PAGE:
CBC opposes plan to enable predatory lending
By Charlene Crowell
At the urging of veteran Congressman John H. Conyers (D-Mich.), a growing number of Congressional Black Caucus colleagues are actively opposing a bill that would negatively impact consumers of color and others who lack a personal bank account.
Moreover, the bill, HR 6139, would also remove the Consumer Financial Protection Bureau (CFPB) from its current enforcement authority over non-bank lenders and additionally preempt state laws enacted to protect consumers.
Joining Rep. Conyers in vocal opposition are members representing minority-majority districts. In a Sep. 14, 2012 letter to the House, Conyers, a-long with Rep. Hansen Clarke (Mich.), Representatives Elijah Cummings (Md.), Eleanor Holmes Norton (D.C.), Barbara Lee, (Calif.), Charles Rangel (N.Y.) and Bobby Rush (Ill.) spoke directly to the effort to establish a two-tiered financial regulatory system.
HR 6139 claims to help minorities when in fact it would hurt them disproportionately by enabling predatory lending. Far from helping these communities stay in the mainstream banking system, the Office of the Comptroller of the Currency charter would push them further into the economic margins. HR 1639 would preempt anti-predatory lending laws in 17 states and District of Columbia while also circumventing CFPB oversight of non-bank creditors.
Additional concerns regarding HR 6139 include:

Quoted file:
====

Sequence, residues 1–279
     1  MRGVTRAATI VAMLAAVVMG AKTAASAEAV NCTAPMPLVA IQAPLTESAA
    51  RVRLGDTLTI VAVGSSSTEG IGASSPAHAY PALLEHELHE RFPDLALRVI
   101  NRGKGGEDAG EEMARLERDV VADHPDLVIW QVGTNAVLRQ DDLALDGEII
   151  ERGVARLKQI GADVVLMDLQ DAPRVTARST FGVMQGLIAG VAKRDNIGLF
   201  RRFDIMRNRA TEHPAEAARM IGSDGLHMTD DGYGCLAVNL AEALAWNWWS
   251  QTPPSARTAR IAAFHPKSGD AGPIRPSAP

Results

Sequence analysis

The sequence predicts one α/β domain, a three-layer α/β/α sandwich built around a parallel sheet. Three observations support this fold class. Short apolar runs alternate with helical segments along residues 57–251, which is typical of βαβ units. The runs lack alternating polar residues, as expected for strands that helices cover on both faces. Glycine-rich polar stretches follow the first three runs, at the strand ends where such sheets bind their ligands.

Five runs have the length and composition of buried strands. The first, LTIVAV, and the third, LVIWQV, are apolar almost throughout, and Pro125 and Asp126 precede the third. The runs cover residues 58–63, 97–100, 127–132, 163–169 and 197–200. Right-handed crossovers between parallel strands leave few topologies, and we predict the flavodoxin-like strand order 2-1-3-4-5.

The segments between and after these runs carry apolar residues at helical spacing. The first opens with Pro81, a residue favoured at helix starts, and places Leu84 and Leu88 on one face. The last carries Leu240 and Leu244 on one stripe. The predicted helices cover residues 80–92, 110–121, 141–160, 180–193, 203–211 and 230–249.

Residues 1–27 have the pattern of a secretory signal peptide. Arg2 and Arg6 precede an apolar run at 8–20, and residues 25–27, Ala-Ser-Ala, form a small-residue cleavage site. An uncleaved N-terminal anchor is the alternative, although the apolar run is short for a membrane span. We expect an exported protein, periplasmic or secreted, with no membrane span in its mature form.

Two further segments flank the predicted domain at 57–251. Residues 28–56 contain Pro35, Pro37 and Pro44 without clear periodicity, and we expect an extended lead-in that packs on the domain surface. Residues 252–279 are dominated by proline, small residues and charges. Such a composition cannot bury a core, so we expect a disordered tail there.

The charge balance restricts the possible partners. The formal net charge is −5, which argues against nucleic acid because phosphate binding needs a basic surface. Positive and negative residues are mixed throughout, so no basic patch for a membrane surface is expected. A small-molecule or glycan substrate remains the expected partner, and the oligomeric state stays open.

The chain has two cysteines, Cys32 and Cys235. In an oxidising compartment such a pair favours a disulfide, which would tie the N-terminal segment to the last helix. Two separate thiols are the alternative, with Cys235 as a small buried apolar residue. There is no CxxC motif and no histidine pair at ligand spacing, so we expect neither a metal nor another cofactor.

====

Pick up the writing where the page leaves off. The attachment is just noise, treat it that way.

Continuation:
Carve-outs for the same lenders the Department of Defense found harmful to military families. After a 2006 Department of Defense report that found predatory lending practices targeted military members and their families, a bipartisan effort led to the enactment of the Military Lending Act of 2007. This law covers payday, car title and refund anticipation loans and also put an end to interest rates that ran as high as 800 percent. Interest rates on these loans are capped at 36 percent.
Rollbacks more than 40 years of consumer protections under the Truth in Lending Act (TILA). By exempting lenders from annual percentage rate (APR) disclosure, loans of one year or less could disclose the cost of these loans as a dollar amount rather than an APR that TILA now requires. Without an APR, disclosure on these loans, consumers would be less likely to make a baseline cost of credit comparisons with other financial products.
Additionally the Center for Responsible Lending research and analysis has found that:
1. Twelve million Americans are trapped every year in a payday loan debt cycle that generate $4.2 billion in predatory fees every year.
2. States that ban payday lending save their citizens an estimated $1.4 billion in fees each year.
3. Seventy-six percent of payday loans are the result of repeat borrowing on the same principal.
4. From 2008-2010, voters in three states – Arizona, Montana and Ohio – have said ‘no’ to triple digit interest rates when their state legislatures did not.
Considering the economic chaos caused by the worst economy since that of the 1930s Great Depression, many law-makers and consumers have called for more vigorous monitoring and enforcement. Already, more than five million consumers have turned to the CFPB for information, assistance and advice. Better than one-in-four consumers filing a complaint with CFPB have received monetary compensation.
When Capitol Hill lawmakers return for the lame duck session that follows the November election, HR 6139 and other non-regulatory measures could reach a House floor vote.
“Economic justice and financial freedom for all American households must remain priorities for Congress and financial service regulators alike,” said the CBC members. “We urge you to oppose HR 6139 and allow the CFPB to continue its work of facilitating a transparent and safe financial marketplace for all households.”